“We can’t drill our way out of this,” has been the mating call of the far left and congressional Democrats who oppose exploration for new oil resources and have done so for decades. While the oil industry reminds us that states within the continental U.S. alone contain more reserves than the reserves of Saudi Arabia, others maintain that the length of time it will take to actualize any measure of relief in a practical sense renders the pursuit as folly.
Skyrocketing fuel prices have not only raised a call for industry, government and the American people to get serious about curtailing our dependence on foreign oil, but have given rise anew to global warming propaganda and assertions that the Democrat Party (read the far left) is the only one with real answers and is the sole arbiter of wisdom in this area.
Overnight, we’ve gone from examining the extent of humanity’s impact on the natural cycle of global warming to a near wholesale acceptance of our species being the only causative agent in the phenomenon.
“Guns, baby, guns” was the call of black militants during the civil rights movement, who reasoned that armed rebellion was the only way blacks would realize the fullness of their constitutional rights.
So perhaps “drill, baby drill” ought to be the mantra of those proponents of drilling for new oil.
And we will have to drill. We should drill like a field full of randy rabbits, regardless of the lag time between oil lease approvals and arrival of product. For if speculators were able to do what they did to oil prices (and consumers of fossil fuels), it stands to reason that the effect of a United States clearly committed to freedom from the bondage of foreign oil will ameliorate rising oil prices long before the new reserves are tapped.
The aforementioned clear commitment also means that we must fast-track the use of existing alternative technologies (such as nuclear power) and the development of new ones. Hybrid and flex-fuel vehicles are a start, to be sure, but the development of alternative energy sources has effectively become an issue of national security and should be treated as such.
As in the issue of immigration, in which many politicians are so entangled in conflicts of interest and allegiance to special interests over the good of the American people, politicians will never act decisively (or for the good of the American people) until Americans become engaged and – for lack of a more delicate term – cause them some pain. Unpleasant though the prospect, voters need to support candidates – including those for the U.S. Congress – with a willingness to remove them from office should the need arise. Only when this occurs will lawmakers know that we mean business.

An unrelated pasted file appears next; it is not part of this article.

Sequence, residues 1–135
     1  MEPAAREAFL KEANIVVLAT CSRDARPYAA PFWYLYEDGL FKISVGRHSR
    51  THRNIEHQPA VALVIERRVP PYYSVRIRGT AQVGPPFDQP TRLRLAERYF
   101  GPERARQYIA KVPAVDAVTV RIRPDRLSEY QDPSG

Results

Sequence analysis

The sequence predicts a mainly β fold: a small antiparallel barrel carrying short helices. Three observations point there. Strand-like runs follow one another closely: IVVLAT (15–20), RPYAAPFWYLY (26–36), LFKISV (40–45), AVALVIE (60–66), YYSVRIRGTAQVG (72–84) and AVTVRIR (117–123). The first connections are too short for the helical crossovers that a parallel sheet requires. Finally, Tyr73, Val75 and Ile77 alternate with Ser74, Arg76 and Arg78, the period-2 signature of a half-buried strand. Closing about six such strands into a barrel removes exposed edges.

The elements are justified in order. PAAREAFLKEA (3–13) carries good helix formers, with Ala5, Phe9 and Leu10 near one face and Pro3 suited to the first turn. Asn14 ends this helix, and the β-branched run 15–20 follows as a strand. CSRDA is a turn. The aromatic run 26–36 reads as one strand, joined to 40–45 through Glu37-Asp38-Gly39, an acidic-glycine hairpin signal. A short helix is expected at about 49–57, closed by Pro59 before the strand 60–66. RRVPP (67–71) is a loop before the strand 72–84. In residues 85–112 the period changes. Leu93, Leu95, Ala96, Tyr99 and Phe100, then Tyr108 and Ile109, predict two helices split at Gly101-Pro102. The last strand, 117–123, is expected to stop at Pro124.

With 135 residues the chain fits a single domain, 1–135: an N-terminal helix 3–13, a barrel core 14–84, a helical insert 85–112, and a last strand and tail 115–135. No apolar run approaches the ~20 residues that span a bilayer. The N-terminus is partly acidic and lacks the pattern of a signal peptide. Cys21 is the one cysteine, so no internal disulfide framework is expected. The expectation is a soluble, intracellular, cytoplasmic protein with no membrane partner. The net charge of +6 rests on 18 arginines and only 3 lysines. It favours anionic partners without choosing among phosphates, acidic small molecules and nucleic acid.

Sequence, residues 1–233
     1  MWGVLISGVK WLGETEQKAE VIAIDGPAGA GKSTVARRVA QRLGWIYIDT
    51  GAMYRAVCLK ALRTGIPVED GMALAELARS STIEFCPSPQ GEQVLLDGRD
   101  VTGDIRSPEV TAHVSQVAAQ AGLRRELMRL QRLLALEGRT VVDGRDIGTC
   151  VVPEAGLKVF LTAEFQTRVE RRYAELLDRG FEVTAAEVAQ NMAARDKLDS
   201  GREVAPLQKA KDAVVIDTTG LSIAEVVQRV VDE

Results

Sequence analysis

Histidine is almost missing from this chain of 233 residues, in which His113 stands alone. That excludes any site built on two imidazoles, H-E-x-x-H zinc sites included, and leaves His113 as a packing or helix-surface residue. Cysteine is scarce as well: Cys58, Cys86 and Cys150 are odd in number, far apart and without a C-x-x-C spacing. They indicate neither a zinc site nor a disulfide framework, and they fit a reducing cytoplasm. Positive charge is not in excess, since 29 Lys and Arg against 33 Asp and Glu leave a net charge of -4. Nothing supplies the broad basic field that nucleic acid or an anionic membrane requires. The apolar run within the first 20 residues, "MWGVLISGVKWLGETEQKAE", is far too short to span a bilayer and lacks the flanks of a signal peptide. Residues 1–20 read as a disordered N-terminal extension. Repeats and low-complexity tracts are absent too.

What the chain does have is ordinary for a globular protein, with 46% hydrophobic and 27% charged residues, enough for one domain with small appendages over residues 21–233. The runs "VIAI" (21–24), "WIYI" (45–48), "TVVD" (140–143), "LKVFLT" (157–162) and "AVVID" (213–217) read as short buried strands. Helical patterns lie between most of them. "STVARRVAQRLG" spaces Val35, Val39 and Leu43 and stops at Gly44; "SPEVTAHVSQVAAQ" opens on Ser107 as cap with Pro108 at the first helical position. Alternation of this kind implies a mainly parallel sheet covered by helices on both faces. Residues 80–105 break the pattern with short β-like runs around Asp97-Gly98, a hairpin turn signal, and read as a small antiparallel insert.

I use immigration as an example in this regard because immigration and energy are two issues in which the Congress has done nothing consequential over the last 40 years; rather, while prognosticators and the suffering American public complain, both Democrats and Republicans have indulged deep-pocketed special interests (in the areas of civil rights, industry, and others promoting an incremental socialist agenda) to the detriment of curing these two chronic ailments.
Energy Rally For America is a nonpartisan grass-roots organization, one of whose objectives is the passage of House Resolution 6566, The American Energy Act, without the addition of earmarks. H.R. 6566 is a comprehensive energy plan that includes not only an augmentation in the scope of oil exploration, but a myriad of incentives for the development of new energy technologies. The group wants to see the resolution signed by the president before Congress adjourns for the general election. This sort of organization, which dedicatedly targets Congress, is a step toward what America needs in holding our elected officials accountable.
Whether the legislation will be passed without earmarks (if at all) remains to be seen; as with the issue of immigration, voters must use such globally neglected issues as their litmus tests for elected officials, regardless of party. They must be willing to begin hurling their representatives and senators under the proverbial bus like a dockworker slinging sacks of grain if these lawmakers show signs of supporting the status quo.
It would also behoove Americans to be wary of those who are already seeking to profit from our dilemma. Not that interests which provide energy solutions shouldn’t be rewarded, but those that (for example) capitalize federal subsidies (read taxpayer dollars) ought to be scrutinized judiciously, lest their efforts become bureaucratized sinkholes.
And lawmakers who are discovered earmarking for energy industry concerns in which they have financial interest? Well, we already know what to do with them, don’t we?
The wheels on the bus go ’round and ’round …